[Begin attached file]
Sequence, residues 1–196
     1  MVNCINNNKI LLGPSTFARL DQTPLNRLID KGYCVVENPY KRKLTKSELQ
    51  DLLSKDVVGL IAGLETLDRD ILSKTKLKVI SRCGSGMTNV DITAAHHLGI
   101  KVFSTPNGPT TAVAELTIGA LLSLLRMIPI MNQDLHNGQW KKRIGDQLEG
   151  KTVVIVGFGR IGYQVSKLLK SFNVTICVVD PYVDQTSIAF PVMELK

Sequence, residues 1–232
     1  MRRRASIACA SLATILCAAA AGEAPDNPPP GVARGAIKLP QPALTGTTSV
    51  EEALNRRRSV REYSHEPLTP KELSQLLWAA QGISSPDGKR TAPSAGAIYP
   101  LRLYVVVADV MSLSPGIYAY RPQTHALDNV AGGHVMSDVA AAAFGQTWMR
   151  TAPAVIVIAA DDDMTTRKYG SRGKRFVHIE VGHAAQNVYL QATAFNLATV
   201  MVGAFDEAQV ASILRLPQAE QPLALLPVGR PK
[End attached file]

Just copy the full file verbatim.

Sequence, residues 1–196
     1  MVNCINNNKI LLGPSTFARL DQTPLNRLID KGYCVVENPY KRKLTKSELQ
    51  DLLSKDVVGL IAGLETLDRD ILSKTKLKVI SRCGSGMTNV DITAAHHLGI
   101  KVFSTPNGPT TAVAELTIGA LLSLLRMIPI MNQDLHNGQW KKRIGDQLEG
   151  KTVVIVGFGR IGYQVSKLLK SFNVTICVVD PYVDQTSIAF PVMELK

Sequence, residues 1–232
     1  MRRRASIACA SLATILCAAA AGEAPDNPPP GVARGAIKLP QPALTGTTSV
    51  EEALNRRRSV REYSHEPLTP KELSQLLWAA QGISSPDGKR TAPSAGAIYP
   101  LRLYVVVADV MSLSPGIYAY RPQTHALDNV AGGHVMSDVA AAAFGQTWMR
   151  TAPAVIVIAA DDDMTTRKYG SRGKRFVHIE VGHAAQNVYL QATAFNLATV
   201  MVGAFDEAQV ASILRLPQAE QPLALLPVGR PK